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The Oncofetal Paradigm Revisited

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The Oncofetal Paradigm Revisited : MSF and HA as Contextual Drivers of Cancer Progression. / Schor, Seth L.; Schor, Ana M.; Ellis, Ian R.; Jones, Sarah J.; Florence, Margaret; Cox, Jacqueline; Woolston, Anne-Marie.

Hyaluronan in cancer biology. San Diego, CA. : Academic Press, 2009. p. 283-306.

Research output: Chapter in Book/Report/Conference proceedingChapter (peer-reviewed)

Harvard

Schor, SL, Schor, AM, Ellis, IR, Jones, SJ, Florence, M, Cox, J & Woolston, A-M 2009, 'The Oncofetal Paradigm Revisited: MSF and HA as Contextual Drivers of Cancer Progression'. in Hyaluronan in cancer biology. Academic Press, San Diego, CA., pp. 283-306.

APA

Schor, S. L., Schor, A. M., Ellis, I. R., Jones, S. J., Florence, M., Cox, J., & Woolston, A-M. (2009). The Oncofetal Paradigm Revisited: MSF and HA as Contextual Drivers of Cancer Progression. In Hyaluronan in cancer biology. (pp. 283-306). San Diego, CA.: Academic Press. doi: 10.1016/B978-012374178-3.10015-8

Vancouver

Schor SL, Schor AM, Ellis IR, Jones SJ, Florence M, Cox J et al. The Oncofetal Paradigm Revisited: MSF and HA as Contextual Drivers of Cancer Progression. In Hyaluronan in cancer biology. San Diego, CA.: Academic Press. 2009. p. 283-306.

Author

Schor, Seth L.; Schor, Ana M.; Ellis, Ian R.; Jones, Sarah J.; Florence, Margaret; Cox, Jacqueline; Woolston, Anne-Marie / The Oncofetal Paradigm Revisited : MSF and HA as Contextual Drivers of Cancer Progression.

Hyaluronan in cancer biology. San Diego, CA. : Academic Press, 2009. p. 283-306.

Research output: Chapter in Book/Report/Conference proceedingChapter (peer-reviewed)

Bibtex - Download

@inbook{71dce02480974d8b8afcb3f91c8711db,
title = "The Oncofetal Paradigm Revisited",
publisher = "Academic Press",
author = "Schor, {Seth L.} and Schor, {Ana M.} and Ellis, {Ian R.} and Jones, {Sarah J.} and Margaret Florence and Jacqueline Cox and Anne-Marie Woolston",
year = "2009",
isbn = "9780123741783",
pages = "283-306",
booktitle = "Hyaluronan in cancer biology",

}

RIS (suitable for import to EndNote) - Download

TY - CHAP

T1 - The Oncofetal Paradigm Revisited

T2 - Hyaluronan in cancer biology

A1 - Schor,Seth L.

A1 - Schor,Ana M.

A1 - Ellis,Ian R.

A1 - Jones,Sarah J.

A1 - Florence,Margaret

A1 - Cox,Jacqueline

A1 - Woolston,Anne-Marie

AU - Schor,Seth L.

AU - Schor,Ana M.

AU - Ellis,Ian R.

AU - Jones,Sarah J.

AU - Florence,Margaret

AU - Cox,Jacqueline

AU - Woolston,Anne-Marie

PB - Academic Press

CY - San Diego, CA.

PY - 2009

Y1 - 2009

N2 - Migration stimulating factor (MSF) is an oncofetal protein which is constitutively produced by both epithelial and stromal cells during fetal development, not expressed by the majority of their normal adult counterparts, but re-expressed during pathological processes such as cancer and wound healing. MSF exhibits a number of potent bioactivities, including the stimulation of cell migration, hyaluronan (HA) synthesis and angiogenesis. HA appears to mediate the effects of MSF on the migration of certain target cell types and may also contribute to the observed effects of MSF on angiogenesis. MSF expression and its precise effects on target cells are both subject to contextual (tissue-level) control mechanisms involving the complex interplay of soluble factors, such as TGFß1, and macromolecular constituents of the extracellular matrix, such as HA. Using MSF as an exemplar, we have suggested an “extended” oncofetal model of cancer pathogenesis in which epigenetic mechanisms make important contributions to the local and systemic re-expression of oncofetal molecules during disease progression. Critically, we propose that such oncofetal effectors may act as severity factors accelerating the disease process. Should this prove to be the case, the ability to switch-off inappropriate MSF expression may provide a platform for the development of novel adjuvant therapies designed to lower the risk of disease recurrence and mortality.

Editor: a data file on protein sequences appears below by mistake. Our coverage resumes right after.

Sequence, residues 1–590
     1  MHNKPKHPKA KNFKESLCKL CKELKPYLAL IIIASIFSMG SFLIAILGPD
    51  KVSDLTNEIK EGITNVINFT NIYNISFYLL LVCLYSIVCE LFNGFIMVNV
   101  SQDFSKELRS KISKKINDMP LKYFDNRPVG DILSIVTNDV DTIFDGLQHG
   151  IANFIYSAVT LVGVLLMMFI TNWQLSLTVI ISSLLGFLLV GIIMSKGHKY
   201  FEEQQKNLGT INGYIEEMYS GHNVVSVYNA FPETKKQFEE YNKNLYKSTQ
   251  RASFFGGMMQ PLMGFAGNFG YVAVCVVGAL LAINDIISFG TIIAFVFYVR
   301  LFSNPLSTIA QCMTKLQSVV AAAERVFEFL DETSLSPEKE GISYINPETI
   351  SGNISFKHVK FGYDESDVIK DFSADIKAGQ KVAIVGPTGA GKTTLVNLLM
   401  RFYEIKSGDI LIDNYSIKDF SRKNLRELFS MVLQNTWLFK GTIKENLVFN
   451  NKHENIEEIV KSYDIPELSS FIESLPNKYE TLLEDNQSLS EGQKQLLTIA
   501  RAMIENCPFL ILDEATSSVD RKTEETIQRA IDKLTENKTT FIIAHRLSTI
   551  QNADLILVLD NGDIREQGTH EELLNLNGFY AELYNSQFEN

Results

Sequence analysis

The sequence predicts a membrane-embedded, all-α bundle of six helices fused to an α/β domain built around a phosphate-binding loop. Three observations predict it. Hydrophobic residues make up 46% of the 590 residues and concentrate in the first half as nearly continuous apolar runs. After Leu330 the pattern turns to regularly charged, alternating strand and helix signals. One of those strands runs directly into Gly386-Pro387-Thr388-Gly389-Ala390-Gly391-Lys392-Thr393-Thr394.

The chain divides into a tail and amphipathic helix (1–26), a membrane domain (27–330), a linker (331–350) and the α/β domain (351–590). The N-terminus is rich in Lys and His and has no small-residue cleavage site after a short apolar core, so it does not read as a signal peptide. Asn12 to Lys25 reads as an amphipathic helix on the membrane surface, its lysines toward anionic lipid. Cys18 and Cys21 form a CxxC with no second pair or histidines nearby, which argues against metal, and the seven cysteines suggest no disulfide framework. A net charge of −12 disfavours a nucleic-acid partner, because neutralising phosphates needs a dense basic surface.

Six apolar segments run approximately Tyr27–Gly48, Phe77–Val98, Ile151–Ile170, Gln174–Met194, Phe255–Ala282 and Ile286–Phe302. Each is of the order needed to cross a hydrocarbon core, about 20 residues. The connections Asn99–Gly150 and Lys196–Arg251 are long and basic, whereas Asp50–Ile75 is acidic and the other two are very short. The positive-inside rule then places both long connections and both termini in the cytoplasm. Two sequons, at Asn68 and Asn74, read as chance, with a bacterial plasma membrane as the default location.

AB - Migration stimulating factor (MSF) is an oncofetal protein which is constitutively produced by both epithelial and stromal cells during fetal development, not expressed by the majority of their normal adult counterparts, but re-expressed during pathological processes such as cancer and wound healing. MSF exhibits a number of potent bioactivities, including the stimulation of cell migration, hyaluronan (HA) synthesis and angiogenesis. HA appears to mediate the effects of MSF on the migration of certain target cell types and may also contribute to the observed effects of MSF on angiogenesis. MSF expression and its precise effects on target cells are both subject to contextual (tissue-level) control mechanisms involving the complex interplay of soluble factors, such as TGFß1, and macromolecular constituents of the extracellular matrix, such as HA. Using MSF as an exemplar, we have suggested an “extended” oncofetal model of cancer pathogenesis in which epigenetic mechanisms make important contributions to the local and systemic re-expression of oncofetal molecules during disease progression. Critically, we propose that such oncofetal effectors may act as severity factors accelerating the disease process. Should this prove to be the case, the ability to switch-off inappropriate MSF expression may provide a platform for the development of novel adjuvant therapies designed to lower the risk of disease recurrence and mortality.

U2 - 10.1016/B978-012374178-3.10015-8

DO - 10.1016/B978-012374178-3.10015-8

M1 - Chapter (peer-reviewed)

SN - 9780123741783

BT - Hyaluronan in cancer biology

SP - 283

EP - 306

ER -

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